What has happened in American culture is that there has been an incredible disconnect between the listener and the performer. Music is rarely an active experience; it has become more of a commodity of everyday existence, a mere form of entertainment and space-filler. One might easily argue this point, making reference to the abundance of ipods and that the distribution and sharing of music through the internet has greatly expanded the musical experience. However, I will state this argument as a reply: Over time I have realized as a listener, from both going to live shows and listening to recordings, that if a given performance conveys great intensity on a CD, the experience in the room was at least three to four times that. Making a recording that is emotionally potent is no small ordeal, and I believe that this is often overlooked by many people, due to the fact that they lack the experience of both the living presence of the act of music and the collective experience of listening with other individuals. The latter is of prime importance. Through collective experience we begin to brush sleeves with something beyond our immediate selves. We begin to experience (though often not consciously) an essence of the human mind as it exists collectively. There is an opportunity to open into a conscious experience of the Human Entity which is often untouched (consciously) in modern society. Here the intuition opens pathways into realms of the abstract mind which lack the limitations of linear thought processes of the concrete mind, and the listener(s) begins to experience something of the so called “mystical” aspects of music. As J.H. Masserman points out “Music in all ages has given man a sense of mystical but immediate kinship with the transcendent and the universal.”
One venue within the popular realm of music which for a period of time was able to supply this type of collective experience was the “Jam Band” scene that had its roots in the mid 1960’s and continued, until the demise of the band Phish in 2004. This movement became a somewhat self-sustained subculture devoted to a musical experience. This movement supplied something of great importance to the American Collective Unconscious which has been strongly overlooked. It supplied a continuos exploration of abstract thought processes which are essential to the development of creativity within the mind, and this, done within a large collective of people for an extended period of time, kept alive within the larger American Collective Conscious an element of that abstraction which bares within it the potential of significant cultural growth.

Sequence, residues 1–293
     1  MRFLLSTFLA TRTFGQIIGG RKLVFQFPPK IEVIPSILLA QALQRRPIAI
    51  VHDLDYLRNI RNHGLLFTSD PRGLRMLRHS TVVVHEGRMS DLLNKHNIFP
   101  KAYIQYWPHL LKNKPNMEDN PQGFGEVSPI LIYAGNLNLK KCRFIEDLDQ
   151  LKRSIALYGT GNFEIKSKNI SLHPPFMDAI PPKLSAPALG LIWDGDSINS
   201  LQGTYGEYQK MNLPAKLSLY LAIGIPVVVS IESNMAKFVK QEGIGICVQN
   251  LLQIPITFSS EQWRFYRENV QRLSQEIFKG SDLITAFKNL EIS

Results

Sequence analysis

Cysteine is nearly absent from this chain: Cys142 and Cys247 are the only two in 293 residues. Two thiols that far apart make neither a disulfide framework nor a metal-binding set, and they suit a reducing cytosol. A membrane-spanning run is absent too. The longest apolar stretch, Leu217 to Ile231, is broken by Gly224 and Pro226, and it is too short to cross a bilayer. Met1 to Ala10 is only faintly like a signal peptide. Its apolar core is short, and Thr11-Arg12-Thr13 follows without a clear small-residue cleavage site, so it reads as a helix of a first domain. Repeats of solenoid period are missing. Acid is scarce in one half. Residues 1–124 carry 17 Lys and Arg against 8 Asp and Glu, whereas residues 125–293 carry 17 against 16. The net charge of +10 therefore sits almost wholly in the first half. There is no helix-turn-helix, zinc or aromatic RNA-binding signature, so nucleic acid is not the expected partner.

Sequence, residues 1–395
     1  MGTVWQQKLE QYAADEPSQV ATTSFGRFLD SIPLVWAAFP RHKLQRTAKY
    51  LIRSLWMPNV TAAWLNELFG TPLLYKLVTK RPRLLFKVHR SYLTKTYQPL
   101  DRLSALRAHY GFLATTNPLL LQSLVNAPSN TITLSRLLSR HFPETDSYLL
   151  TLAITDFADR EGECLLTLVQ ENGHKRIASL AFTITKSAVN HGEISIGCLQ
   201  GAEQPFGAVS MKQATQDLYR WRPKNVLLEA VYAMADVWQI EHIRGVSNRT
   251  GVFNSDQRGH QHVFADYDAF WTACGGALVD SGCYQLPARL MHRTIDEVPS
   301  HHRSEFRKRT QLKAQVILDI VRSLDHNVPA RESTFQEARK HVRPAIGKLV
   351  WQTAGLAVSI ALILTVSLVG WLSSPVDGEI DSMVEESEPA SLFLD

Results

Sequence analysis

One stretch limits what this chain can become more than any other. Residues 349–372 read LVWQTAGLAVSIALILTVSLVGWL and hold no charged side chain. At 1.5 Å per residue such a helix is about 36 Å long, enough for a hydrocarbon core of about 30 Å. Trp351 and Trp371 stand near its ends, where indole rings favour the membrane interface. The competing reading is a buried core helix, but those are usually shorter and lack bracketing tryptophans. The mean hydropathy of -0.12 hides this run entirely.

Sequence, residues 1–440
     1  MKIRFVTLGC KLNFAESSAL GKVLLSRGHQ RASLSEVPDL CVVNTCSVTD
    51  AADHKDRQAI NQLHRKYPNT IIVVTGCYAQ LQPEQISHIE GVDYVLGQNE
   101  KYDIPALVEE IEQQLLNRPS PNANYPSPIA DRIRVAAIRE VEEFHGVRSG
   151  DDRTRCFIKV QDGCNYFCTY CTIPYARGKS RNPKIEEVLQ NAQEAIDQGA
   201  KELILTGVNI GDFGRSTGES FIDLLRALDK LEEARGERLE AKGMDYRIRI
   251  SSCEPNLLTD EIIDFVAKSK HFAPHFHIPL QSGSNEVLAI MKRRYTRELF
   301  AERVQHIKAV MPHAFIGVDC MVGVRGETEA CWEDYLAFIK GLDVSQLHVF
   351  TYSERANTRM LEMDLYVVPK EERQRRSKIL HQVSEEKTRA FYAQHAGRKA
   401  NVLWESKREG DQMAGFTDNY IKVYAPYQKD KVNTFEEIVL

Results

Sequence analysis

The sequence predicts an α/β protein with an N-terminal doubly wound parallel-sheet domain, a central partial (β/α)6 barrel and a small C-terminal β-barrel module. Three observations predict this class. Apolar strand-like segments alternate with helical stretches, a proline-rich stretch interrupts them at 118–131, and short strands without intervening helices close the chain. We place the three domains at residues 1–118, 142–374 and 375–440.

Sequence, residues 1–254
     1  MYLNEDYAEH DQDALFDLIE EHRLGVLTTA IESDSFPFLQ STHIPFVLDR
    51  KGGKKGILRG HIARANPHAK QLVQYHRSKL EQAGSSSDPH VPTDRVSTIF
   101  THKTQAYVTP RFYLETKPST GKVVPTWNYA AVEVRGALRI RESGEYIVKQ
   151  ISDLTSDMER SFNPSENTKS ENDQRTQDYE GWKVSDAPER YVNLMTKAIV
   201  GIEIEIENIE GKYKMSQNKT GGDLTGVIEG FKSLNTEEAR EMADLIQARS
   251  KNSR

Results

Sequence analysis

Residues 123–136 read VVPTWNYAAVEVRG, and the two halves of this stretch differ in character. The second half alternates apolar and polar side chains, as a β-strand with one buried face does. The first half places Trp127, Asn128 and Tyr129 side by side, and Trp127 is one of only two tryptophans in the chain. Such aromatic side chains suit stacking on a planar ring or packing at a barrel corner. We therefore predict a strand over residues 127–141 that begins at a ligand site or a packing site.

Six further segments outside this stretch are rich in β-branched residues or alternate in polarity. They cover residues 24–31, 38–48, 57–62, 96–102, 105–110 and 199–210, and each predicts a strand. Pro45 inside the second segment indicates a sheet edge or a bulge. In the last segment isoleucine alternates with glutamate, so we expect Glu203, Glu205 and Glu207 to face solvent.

The music was of prime importance to this whole experience, but it was not all of it. There was also a sense of community, a collective which traveled together and explored their lives in a space which was created by a culture which revolved around a perceived enlightenment through the medium of music. This collective experience had the potential to align time and space in a manner similar to that of meditations on the “astral realms” or the “Formative World” of Yetzirah in Kabbalistic cosmology. Perhaps one could argue here that to some degree, this was drug induced for many of the participants. This is true. However, how do drugs, in particular hallucinogens, effect the individual? They may induce curiosity, wonder, spontaneous delight or any experiencethat reveals the human spirit (see footnote) . In short, they may open individuals to being more receptive to that collective which exists beyond and within themselves.
What the above argument fails to look at is the intention of the participants (composer, performer, listener). People drink alcohol and/or do drugs in a multitude of settings while experiencing music on a regular basis (see your local bar). What was different about this collective of participants was how their intention and direction of thought created a culture of migrants on a supposed exploration of a lifestyle within the mainstream of society. Here it must be pointed out that there were many people who were profoundly effected by this experience and continued to pursue it without the use of drugs. To elucidate a deeper significance to the Collective Unconscious within the North American continent in relationship to this discussion, I will point out the following: The American continent has a long history of migrant tribes of people. Until quite recently, there was a constant motion of Native American peoples who lived non-sedentary lifestyles following game and weather patterns throughout the shifting cycles of the year. This however, came to an end with the (forced) advent of reservation life in the late 19th century. It would seem this lifestyle had all but disappeared from the American landscape. However, this is not so. It could be argued that the American fascination with the car was a continuation of this mode of existence in.
(footnote: I am not condoning the drug use in this statement as necessary to the musical experience. Furthermore, drug use may have quite the opposite effect in an individual for a period during their experience. What I am describing is a potential, which was often achieved within this setting.)
Also, if we look at the constant construction/destruction of buildings (i.e. gas stations, buildings still in working order) within the US, we see a possible hint of the nature of flux and directive within the larger collective experience of cultures on this continent. What I am pointing to here is that there seems to be an innate quality within the land in America, through centuries of nomadic existence, not only amongst Native groups, but also of Europeans as they migrated West, to travel and be in a continuous state of motion. This continues until the present day.
Here I will ask a key question for the future of our collective musical experiences. Where today in America do you find an environment in which people may come together and experience abstract states of mind as a collective through music? Where is the environment in which a large collective of people can travel (migration) together throughout the country on a yearly basis (shifting seasons)with a collective experience that is evocative of and has the potential for a direct experience of the abstract “intuitive” realms of the mind? And most importantly, what kind of effect did the continued experiences of this collective of abstract participants have on the Collective Unconscious within America?